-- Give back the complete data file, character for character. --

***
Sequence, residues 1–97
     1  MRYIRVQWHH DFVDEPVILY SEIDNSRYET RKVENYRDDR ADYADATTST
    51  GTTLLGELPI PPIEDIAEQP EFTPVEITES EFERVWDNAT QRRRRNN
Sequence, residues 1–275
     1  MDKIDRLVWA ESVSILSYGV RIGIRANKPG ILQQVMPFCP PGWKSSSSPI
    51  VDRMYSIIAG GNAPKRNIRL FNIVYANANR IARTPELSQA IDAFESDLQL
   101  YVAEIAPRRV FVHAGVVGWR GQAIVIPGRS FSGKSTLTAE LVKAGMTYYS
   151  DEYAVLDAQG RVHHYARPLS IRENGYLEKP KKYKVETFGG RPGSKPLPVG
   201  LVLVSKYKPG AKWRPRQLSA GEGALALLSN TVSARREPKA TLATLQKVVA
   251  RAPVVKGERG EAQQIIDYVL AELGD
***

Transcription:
Sequence, residues 1–97
     1  MRYIRVQWHH DFVDEPVILY SEIDNSRYET RKVENYRDDR ADYADATTST
    51  GTTLLGELPI PPIEDIAEQP EFTPVEITES EFERVWDNAT QRRRRNN
Sequence, residues 1–275
     1  MDKIDRLVWA ESVSILSYGV RIGIRANKPG ILQQVMPFCP PGWKSSSSPI
    51  VDRMYSIIAG GNAPKRNIRL FNIVYANANR IARTPELSQA IDAFESDLQL
   101  YVAEIAPRRV FVHAGVVGWR GQAIVIPGRS FSGKSTLTAE LVKAGMTYYS
   151  DEYAVLDAQG RVHHYARPLS IRENGYLEKP KKYKVETFGG RPGSKPLPVG
   201  LVLVSKYKPG AKWRPRQLSA GEGALALLSN TVSARREPKA TLATLQKVVA
   251  RAPVVKGERG EAQQIIDYVL AELGD